The Druidic religion was based on a philosophical connection to nature as well as to the universe itself. It’s clear from surviving texts that Druids often thought of the world outside themselves as a part of themselves. According to folklore, an ancient Druid by the name of Amairgen lived in Ireland in prehistoric times. A surviving poem attributed to this wise sage reads as follows: 

I am the wind that blows across the sea; 

I Am the wave of the ocean; 

I am the murmur of the billows;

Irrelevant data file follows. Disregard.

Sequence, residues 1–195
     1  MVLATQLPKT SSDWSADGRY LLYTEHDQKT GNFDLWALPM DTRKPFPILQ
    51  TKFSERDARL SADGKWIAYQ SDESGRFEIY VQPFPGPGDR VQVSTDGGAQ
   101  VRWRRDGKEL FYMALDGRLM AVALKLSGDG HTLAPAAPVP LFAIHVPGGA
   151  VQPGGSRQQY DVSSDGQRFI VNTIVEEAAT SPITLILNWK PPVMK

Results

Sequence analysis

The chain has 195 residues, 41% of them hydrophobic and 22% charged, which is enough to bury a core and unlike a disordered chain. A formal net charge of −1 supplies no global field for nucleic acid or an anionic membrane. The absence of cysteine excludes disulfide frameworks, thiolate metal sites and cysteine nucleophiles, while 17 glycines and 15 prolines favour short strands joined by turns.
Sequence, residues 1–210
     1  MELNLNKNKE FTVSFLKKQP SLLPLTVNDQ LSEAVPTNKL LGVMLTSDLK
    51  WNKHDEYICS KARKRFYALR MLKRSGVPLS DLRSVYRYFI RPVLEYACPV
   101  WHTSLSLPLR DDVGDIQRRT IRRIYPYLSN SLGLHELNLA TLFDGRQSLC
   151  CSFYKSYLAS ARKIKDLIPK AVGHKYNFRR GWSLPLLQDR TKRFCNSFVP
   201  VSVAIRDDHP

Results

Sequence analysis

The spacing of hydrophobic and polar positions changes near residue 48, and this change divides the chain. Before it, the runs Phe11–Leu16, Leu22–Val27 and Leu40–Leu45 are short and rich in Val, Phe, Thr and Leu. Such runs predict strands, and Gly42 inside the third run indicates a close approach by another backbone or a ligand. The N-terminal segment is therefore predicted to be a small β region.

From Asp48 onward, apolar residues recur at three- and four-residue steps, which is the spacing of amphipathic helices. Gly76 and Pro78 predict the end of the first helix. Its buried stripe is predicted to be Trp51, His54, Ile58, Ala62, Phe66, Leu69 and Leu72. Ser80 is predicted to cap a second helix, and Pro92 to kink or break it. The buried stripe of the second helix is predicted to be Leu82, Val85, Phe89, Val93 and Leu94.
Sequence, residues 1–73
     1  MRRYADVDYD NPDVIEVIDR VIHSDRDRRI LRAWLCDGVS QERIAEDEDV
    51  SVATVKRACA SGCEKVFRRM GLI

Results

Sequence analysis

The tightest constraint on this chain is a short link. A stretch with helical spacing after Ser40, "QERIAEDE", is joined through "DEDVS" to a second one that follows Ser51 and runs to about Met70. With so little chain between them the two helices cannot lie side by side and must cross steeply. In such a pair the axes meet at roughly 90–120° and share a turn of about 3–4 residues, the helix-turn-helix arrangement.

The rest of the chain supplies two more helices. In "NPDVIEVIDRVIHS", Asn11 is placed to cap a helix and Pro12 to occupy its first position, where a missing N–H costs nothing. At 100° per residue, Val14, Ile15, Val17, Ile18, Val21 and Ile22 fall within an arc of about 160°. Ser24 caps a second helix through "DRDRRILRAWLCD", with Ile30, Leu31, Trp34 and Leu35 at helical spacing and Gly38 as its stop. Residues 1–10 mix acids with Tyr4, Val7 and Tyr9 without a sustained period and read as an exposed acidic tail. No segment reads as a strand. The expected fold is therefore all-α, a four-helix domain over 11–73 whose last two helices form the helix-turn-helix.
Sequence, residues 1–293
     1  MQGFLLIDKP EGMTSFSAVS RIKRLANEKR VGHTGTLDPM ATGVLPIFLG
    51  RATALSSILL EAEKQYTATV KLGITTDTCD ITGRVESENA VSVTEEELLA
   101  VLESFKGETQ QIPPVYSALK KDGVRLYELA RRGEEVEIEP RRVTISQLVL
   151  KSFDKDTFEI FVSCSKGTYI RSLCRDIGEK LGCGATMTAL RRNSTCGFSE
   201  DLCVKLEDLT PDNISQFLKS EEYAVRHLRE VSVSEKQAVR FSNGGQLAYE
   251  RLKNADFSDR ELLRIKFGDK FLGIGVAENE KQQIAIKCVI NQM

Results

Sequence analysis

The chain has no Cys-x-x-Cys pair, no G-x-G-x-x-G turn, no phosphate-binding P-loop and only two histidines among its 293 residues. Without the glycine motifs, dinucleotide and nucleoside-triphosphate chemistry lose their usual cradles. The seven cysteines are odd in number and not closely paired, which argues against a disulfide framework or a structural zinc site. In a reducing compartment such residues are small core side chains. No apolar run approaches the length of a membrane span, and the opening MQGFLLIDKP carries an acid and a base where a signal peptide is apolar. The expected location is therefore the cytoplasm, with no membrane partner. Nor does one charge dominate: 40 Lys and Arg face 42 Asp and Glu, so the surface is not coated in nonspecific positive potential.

I am the bull of the seven combats; 

I am the vulture on the rock; 

I am a ray of the sun; 

I Am the fairest of flowers; 

I am a wild boar in valor; 

I am a salmon in the pool; 

I am a lake on the plain; 

I am the skill of the craftsman; 

I am a word of science; 

I am the spearpoint that gives battle; 

I am the God who creates in the head of man the fire of thought. 

Who is it that enlightens the assembly upon the mountain, if not I? 

Who tells the ages of the moon, if not? 

Who shows the place where the sun goes to rest, if not I? 

Who is the God that fashions enchantments– The enchantment of battle and the wind of change?

Amairgen, Druid

Astronomers of the Ancient World

Warm light illuminates the ancient passage of Newgrange, Ireland, during the Winter Solstice, reminiscent of Druid ceremonies.
Winter Solstice at Newgrange, Ireland, National Museum of Ireland